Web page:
On 16 and 17 October 2014, the Regional Office for Europe (ROE) of the Office of the UN High Commissioner for Human Rights organized in Brussels its fifth annual event dedicated to ‘Forgotten Europeans". The main objective of the seminar was to raise awareness and increase understanding of the rights of persons with psychosocial disabilities, with particular focus on the issue of coercion in mental health care, as well as the implementation of Article 19 of the UN Convention on the Rights of Persons with Disabilities. This entitles people with disabilities to live an independent lifestyle, as well as enjoy full inclusion within the community.
The OHCHR’s ‘Forgotten Europeans’ series focuses on the rights of several often-overlooked categories of rights holders – persons with disabilities, vulnerable children, and older persons either in, or at risk of being placed in care institutions. These groups of rights holders share a common trait – the understanding of their individual rights has witnessed a progression. The top down approach, frequently dominated by either a medical paradigm or one that treats the persons as passive recipients of care, has finally been replaced by a rights-based approach. This deals with the individuals as rights-holders and active subjects, living on equal footing with other members of society.
October’s event focused on persons with psychological disabilities, who, despite this progression in Human Rights law, commonly continue to be overlooked. Their concerns tend to be addressed by mental health policy, which in practice, is mostly seen as a ‘niche’ of its own, with a human rights perspective remaining largely absent.
The event provided an opportunity for open discussion between rights holders, service providers, experts, representatives of EU Member States, three DGs of the European Commission, the EU Fundamental Rights Agency, the World Health Organization, OHCHR, and the European Psychiatric Association.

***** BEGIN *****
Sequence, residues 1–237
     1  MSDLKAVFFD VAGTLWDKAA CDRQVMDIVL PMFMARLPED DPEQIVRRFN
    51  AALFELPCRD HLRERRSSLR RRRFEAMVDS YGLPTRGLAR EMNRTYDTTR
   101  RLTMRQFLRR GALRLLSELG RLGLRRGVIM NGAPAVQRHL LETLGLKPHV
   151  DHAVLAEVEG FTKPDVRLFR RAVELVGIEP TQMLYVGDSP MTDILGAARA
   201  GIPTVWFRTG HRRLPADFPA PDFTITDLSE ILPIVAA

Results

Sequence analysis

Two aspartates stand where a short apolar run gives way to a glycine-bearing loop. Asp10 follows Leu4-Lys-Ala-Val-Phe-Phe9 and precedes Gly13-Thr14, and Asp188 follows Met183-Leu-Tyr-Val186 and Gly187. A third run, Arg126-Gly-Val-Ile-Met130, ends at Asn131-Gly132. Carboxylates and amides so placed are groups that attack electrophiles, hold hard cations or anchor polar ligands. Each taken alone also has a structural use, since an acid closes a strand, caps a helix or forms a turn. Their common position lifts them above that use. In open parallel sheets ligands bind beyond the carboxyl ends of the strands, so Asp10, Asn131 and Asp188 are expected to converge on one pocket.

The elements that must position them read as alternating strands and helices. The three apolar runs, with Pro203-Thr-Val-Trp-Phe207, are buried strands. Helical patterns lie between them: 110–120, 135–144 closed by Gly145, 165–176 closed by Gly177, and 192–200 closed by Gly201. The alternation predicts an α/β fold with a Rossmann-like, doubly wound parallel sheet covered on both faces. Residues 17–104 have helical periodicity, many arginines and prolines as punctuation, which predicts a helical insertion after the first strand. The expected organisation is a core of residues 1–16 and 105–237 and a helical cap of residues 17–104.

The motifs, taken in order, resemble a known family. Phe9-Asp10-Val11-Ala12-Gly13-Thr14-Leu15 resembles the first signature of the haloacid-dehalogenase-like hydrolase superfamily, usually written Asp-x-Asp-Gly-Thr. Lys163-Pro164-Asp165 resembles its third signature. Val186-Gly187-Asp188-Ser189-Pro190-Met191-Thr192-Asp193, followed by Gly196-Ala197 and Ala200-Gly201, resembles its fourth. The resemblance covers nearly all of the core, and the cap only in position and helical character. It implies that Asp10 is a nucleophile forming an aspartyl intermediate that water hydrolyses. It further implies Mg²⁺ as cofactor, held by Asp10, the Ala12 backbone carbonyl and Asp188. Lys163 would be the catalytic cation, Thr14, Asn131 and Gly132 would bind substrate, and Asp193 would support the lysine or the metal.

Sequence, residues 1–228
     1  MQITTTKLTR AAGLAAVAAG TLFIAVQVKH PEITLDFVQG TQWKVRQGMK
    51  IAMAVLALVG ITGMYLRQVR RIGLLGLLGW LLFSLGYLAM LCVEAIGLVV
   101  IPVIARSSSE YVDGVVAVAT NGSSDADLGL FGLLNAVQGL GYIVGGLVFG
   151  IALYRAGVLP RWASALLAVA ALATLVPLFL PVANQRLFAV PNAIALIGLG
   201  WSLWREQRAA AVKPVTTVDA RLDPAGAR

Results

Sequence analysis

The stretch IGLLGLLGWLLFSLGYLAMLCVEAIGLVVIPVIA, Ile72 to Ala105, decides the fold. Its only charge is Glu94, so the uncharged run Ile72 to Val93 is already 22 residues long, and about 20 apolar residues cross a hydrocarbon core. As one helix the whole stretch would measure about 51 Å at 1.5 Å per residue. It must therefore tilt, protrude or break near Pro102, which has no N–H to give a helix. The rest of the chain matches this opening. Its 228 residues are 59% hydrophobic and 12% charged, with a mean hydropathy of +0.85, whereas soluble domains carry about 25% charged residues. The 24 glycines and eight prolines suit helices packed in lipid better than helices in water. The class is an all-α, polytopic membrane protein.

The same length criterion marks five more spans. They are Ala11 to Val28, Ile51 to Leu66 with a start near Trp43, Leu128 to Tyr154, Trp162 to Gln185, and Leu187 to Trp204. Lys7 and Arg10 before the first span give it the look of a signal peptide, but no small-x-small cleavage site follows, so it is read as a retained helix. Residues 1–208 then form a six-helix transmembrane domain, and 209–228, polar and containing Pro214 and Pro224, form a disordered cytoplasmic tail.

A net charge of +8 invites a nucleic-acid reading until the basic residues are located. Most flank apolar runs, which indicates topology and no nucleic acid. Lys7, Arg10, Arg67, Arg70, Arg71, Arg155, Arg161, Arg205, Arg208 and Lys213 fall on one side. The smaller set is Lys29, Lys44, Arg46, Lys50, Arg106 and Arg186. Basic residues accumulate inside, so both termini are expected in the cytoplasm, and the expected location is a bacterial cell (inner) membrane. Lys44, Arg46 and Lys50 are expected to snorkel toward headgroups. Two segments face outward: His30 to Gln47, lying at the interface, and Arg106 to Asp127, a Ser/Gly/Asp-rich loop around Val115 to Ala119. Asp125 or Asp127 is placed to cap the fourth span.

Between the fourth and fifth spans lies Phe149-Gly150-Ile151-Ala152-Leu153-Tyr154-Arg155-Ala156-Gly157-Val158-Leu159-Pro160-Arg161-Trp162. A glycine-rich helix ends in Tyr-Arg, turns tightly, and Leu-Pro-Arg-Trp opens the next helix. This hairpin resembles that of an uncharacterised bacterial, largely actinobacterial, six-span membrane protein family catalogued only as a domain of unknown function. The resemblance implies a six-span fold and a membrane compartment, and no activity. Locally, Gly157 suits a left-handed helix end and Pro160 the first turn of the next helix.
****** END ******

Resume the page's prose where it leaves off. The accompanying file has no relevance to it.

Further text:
Several speakers drew on their personal experience when illustrating the challenges faced by persons with psychosocial disabilities. Gábor Gombos, a user and survivor of psychiatry, and former member of the UN Committee for the Rights of Persons with Disabilities highlighted some of the obstacles faced by this segment of society. “Due to discrimination and stigma, they often face serious obstacles in the enjoyment of rights that are guaranteed to everyone. For instance, when a person has ‘a mental health diagnosis’, he or she is often denied treatment for a life-threatening physical illness due to the prejudiced view that his or her symptoms don’t have to be taken seriously.”
Models of good practice, such as the Swedish system of personal ombudsmen – introduced by Maths Jesperson from PO Skåne – were presented and gave rise to inspiring discussions. The PO system is a concrete example of ‘supported decision-making,’ and involves the full-time support of persons of psychosocial disabilities by an individual of no alliance with psychiatry, the social services, or any other authority, and not with the client’s relatives or any other person in his surroundings. As Jesperson explained, “In other projects it is usually the clients who have to adjust themselves to a bureaucratic system, but we work in the opposite way. The PO’s have to be very flexible, creative and unconventional in finding ways to work with this group.”
- Read the Symposium Report
- For a full summary of the event’s proceedings, as well as links to presentations made during the event, please consult the the OHCHR website.